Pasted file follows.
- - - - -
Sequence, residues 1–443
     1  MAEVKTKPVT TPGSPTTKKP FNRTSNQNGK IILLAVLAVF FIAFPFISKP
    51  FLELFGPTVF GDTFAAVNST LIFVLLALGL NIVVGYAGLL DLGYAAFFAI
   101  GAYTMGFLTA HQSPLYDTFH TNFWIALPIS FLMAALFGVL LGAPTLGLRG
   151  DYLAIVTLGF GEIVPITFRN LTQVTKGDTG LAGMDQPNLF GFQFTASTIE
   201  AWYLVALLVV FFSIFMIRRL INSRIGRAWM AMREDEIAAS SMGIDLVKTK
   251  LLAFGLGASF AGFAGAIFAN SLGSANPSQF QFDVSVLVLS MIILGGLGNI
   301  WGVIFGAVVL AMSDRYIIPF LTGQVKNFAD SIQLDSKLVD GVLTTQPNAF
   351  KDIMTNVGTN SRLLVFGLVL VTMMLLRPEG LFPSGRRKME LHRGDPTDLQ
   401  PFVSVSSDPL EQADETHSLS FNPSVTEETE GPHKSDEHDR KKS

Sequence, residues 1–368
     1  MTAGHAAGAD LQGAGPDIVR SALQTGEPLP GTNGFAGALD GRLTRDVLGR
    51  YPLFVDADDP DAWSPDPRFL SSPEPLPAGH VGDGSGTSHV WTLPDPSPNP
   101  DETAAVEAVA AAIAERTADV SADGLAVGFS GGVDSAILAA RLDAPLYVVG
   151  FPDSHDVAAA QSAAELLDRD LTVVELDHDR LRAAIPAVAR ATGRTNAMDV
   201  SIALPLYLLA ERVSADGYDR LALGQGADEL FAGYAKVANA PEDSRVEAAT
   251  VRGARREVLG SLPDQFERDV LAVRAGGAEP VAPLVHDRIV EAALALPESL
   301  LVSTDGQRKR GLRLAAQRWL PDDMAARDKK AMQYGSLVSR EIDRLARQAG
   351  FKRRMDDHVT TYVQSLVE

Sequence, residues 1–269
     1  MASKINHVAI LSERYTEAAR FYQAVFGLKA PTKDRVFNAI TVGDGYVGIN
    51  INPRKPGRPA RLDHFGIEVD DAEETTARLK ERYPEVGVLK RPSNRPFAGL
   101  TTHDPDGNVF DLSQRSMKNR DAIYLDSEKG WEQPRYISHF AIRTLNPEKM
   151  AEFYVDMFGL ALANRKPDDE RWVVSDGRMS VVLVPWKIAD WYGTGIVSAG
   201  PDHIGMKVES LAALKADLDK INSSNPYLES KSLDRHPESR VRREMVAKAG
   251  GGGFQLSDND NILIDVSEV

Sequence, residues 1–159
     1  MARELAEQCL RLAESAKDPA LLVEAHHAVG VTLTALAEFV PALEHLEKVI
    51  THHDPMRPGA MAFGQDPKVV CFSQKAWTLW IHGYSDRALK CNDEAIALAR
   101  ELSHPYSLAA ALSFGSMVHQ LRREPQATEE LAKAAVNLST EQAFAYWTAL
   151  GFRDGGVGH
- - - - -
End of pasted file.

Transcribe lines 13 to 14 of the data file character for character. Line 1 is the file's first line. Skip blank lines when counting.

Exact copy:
    51  YPLFVDADDP DAWSPDPRFL SSPEPLPAGH VGDGSGTSHV WTLPDPSPNP
   101  DETAAVEAVA AAIAERTADV SADGLAVGFS GGVDSAILAA RLDAPLYVVG